Camp Aristotle’s focus is to encourage social interaction

At The Auburn School’s Camp Aristotle, activities are designed to be completely stress-free in order to engage campers with communication disabilities.

Students from grades K-8 are welcome to attend the camp, which promises bonding experiences and academic skill-building exercises.

The qualified staff understands the challenges campers face, dealing with Asperger’s syndrome, high-functioning autism and other social limitations. A formal diagnosis is not required to attend Camp Aristotle.

Allison Ober, special programs director, knows that parents like to have options. With seven weeklong sessions, campers can attend Camp Aristotle for half-day or full-day sessions. Aftercare is also available from 3:30 p.m. to 5:30 pm.

“We spend time lots of time looking through the applications to see the kids’ strengths, challenges and motivations. We take a thorough look at the individuals coming in and try to figure out what the kids are interested in,” Ober said.

From these interests, the staff creates weekly themes to target what the campers and parents want to get out of the camp experience. Themes in the past have included ‘Anime, film and Japanese culture,’ ‘Science, animals and nature,’ and ‘Planes, trains, bicycles and cars.’ The Lego Robotics session is so popular that it will be held twice this year.

Morning sessions are based on relaxed academic exercises to keep skills fresh. The teachers and staff use project-based learning to develop skills in reading, writing and math. Students have the opportunity to communicate with their peers in this calm, secure environment.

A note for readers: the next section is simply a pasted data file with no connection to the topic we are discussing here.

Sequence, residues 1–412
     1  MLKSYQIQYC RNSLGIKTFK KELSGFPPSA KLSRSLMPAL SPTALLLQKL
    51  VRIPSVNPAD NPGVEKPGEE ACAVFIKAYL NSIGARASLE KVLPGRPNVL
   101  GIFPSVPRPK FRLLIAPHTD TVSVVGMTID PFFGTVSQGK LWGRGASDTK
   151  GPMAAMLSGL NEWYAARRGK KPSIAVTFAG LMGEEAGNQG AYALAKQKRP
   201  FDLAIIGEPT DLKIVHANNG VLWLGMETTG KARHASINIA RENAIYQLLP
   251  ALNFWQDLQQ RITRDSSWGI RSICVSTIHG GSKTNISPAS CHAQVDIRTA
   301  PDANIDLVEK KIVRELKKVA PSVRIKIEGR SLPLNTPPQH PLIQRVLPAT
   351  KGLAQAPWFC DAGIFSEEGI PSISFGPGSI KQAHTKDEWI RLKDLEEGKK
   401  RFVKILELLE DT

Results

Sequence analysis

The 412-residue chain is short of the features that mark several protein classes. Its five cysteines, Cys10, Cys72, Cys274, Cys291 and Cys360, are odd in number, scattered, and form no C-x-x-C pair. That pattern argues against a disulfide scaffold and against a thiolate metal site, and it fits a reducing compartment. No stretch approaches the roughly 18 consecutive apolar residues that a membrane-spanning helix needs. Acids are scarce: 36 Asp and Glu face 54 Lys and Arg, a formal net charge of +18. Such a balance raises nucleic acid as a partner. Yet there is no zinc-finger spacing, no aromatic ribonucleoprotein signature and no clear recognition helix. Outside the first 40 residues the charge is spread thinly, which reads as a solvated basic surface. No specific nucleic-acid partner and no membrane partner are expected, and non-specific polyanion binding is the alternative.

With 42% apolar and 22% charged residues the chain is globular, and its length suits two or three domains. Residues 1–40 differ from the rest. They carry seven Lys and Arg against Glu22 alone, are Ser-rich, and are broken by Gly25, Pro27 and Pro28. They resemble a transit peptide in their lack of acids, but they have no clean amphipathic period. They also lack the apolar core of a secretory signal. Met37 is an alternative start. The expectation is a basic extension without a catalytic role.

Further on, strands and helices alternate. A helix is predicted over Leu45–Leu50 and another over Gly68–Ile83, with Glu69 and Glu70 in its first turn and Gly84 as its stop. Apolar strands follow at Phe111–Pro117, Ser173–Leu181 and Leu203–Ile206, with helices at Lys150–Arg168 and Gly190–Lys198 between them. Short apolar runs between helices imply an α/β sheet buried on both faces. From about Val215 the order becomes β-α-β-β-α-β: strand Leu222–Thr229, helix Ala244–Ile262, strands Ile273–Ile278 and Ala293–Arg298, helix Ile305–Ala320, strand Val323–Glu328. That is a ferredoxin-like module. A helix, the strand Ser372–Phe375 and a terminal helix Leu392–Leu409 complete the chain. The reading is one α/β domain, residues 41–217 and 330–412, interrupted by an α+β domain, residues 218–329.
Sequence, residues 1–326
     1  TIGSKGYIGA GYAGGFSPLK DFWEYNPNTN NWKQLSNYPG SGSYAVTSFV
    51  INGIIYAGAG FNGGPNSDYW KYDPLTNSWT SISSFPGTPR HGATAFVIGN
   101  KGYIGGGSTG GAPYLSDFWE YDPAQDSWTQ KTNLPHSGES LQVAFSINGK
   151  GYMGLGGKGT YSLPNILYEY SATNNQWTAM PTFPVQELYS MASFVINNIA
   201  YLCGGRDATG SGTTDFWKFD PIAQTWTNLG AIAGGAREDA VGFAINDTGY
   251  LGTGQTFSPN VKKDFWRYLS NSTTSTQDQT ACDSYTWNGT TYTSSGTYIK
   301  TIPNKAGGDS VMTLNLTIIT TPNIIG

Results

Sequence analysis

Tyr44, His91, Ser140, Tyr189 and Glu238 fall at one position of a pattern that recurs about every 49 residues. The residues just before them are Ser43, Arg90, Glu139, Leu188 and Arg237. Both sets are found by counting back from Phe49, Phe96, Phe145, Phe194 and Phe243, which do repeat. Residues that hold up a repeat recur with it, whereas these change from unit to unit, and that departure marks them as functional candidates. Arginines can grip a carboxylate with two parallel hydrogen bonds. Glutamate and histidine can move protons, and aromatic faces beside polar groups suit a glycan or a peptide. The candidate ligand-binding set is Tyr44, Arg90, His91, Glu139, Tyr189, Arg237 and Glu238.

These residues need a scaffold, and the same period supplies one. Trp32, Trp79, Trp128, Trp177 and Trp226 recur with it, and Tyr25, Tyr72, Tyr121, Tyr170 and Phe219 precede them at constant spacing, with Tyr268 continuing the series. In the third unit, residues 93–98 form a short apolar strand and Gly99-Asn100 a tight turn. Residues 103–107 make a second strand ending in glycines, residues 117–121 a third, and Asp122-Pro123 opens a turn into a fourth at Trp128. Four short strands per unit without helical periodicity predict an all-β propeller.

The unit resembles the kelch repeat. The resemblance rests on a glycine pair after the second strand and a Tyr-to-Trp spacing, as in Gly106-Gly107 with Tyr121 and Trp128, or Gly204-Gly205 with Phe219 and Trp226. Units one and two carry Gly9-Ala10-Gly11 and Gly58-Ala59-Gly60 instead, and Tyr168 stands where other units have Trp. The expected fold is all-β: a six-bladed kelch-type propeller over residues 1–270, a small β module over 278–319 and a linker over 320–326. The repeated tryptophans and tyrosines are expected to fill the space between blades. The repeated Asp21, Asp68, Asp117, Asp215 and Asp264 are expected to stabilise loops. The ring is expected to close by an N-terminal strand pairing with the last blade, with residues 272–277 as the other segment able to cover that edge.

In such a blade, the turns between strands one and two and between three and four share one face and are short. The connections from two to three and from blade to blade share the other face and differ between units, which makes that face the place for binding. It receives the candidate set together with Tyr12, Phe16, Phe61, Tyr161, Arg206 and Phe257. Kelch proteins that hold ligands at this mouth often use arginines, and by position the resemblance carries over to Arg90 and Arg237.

The afternoon session provides more of a typical camp experience, with such activities as arts and crafts and science experiments. Instructors will assist campers with working on computers, cooking small meals, and learning movement and dance skills.

The focus of Camp Aristotle is to encourage social interaction among the campers. Involvement in and exposure to a variety of activities keeps the attention of the camper and encourages constant exposure to social situations.

One of the perks of Camp Aristotle is that they bring the fun to you.

“We bring a field trip in [to the camp] a week,” Obe said. “The field trips have included a traveling zoo and the fire department.”

Camp Aristotle is a great place to send your child to help break down discouraging social barriers.

“We let parents share information. We want campers to be excited about coming,” Ober said.

The staff is specially trained to promote a pleasant learning environment. Camp Aristotle understands the patience and commitment necessary to put the campers at ease.

The Auburn School offers camp locations at its campuses in Herndon, Silver Spring, Md., and Baltimore. The Baltimore campus is brand new this summer; the exact location has yet to be announced.

A snack is provided in both the morning and afternoon sessions, but campers are to bring their own lunch. Aftercare is a less structured time for campers to play outside and create art projects.

Half-day sessions are $300 a week and full-day sessions are $550 a week. Aftercare is marked at the flat rate of $100 per week. Ten percent discounts are available for siblings, current Auburn students, returning campers and campers registering for multiple weeks.

For more information, call (703) 828-7179, or e-mail